As China shifts towards a consumption led economy, its demand for raw materials will moderate and its demand for consumer goods will likely increase. An economic slowdown in China will be negative for countries with large exposures to China, including Taiwan, Korea and Australia.

Normally I would expect a recession in China to have a relatively muted impact globally, but given the elevated share prices of many companies producing goods that could be impacted by weak Chinese demand, this has the potential to weaken sentiment and drive a significant pullback in markets. Apple (AAPL) and Tesla (TSLA) are two prominent examples of companies at risk, although a strengthening Yuan could result in increased consumer demand for imports, as could a more consumption driven economy.

Apple allegedly has an agreement in place with the Chinese government to help develop its economy, a deal that Tim Cook was personally involved in. The deal is reported to be worth approximately 275 billion USD over 5 years and involves Apple increasing the use of Chinese suppliers, working with Chinese software firms, investing in local tech companies, providing training and working with Chinese universities on new technologies. Apple continues to focus on creating demand in the Chinese market and its supply chain also continues to heavily rely on China, a risky situation given rising geopolitical tensions.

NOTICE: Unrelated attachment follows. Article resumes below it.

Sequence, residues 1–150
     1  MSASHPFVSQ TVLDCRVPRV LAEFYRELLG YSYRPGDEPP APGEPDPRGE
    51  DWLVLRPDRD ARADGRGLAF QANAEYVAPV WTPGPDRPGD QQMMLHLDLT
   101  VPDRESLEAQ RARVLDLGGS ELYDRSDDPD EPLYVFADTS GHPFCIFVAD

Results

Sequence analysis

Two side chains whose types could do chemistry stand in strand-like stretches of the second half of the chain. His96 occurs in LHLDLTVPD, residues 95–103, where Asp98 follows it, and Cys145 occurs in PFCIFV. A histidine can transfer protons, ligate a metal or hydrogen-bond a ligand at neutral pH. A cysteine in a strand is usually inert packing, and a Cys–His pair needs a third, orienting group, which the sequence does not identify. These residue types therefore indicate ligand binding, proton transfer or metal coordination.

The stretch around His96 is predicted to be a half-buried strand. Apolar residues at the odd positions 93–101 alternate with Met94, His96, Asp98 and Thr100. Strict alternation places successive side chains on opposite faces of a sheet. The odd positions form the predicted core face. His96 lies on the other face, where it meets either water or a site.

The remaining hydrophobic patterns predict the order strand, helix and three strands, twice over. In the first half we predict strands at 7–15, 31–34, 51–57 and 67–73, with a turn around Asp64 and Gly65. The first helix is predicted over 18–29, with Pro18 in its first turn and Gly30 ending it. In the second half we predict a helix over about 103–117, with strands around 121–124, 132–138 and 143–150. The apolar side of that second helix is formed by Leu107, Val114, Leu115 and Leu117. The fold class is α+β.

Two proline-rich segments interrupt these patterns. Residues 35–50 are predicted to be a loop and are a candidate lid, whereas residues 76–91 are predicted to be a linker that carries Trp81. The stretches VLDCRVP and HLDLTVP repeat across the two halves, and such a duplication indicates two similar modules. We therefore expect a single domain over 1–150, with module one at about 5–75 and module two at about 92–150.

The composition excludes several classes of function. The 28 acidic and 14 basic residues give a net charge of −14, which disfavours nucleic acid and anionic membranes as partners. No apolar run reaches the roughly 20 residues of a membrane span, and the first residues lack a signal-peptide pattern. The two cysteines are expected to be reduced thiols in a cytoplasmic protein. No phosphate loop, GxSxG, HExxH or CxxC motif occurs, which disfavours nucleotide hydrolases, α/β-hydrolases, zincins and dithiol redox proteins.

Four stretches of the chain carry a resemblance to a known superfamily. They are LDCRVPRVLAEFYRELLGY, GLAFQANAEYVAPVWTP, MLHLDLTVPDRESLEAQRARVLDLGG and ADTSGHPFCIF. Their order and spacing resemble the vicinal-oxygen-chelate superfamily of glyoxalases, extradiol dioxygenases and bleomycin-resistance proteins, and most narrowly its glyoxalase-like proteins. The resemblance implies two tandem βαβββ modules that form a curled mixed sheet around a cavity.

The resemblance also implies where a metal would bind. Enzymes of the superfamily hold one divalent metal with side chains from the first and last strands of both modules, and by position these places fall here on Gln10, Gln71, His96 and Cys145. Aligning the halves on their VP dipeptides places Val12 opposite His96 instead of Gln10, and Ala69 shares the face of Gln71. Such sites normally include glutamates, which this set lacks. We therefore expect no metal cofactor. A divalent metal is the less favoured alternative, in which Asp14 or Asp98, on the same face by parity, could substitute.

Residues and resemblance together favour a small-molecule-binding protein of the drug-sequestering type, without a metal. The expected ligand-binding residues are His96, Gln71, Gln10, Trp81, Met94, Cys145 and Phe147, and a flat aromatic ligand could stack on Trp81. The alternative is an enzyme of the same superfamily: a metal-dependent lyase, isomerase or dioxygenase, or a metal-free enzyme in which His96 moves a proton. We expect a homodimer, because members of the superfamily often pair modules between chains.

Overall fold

Treasury Wines is a clear example of how fortunes can rapidly change for companies that are overly reliant on access to the Chinese market for profits. China imposed anti-dumping and other measures that resulted in tariffs of up to 175.6% on Treasury Wines' products. The Chinese market had accounted for about a third of the company's profit, and as a result Treasury Wines' stock is down 40% from its peak.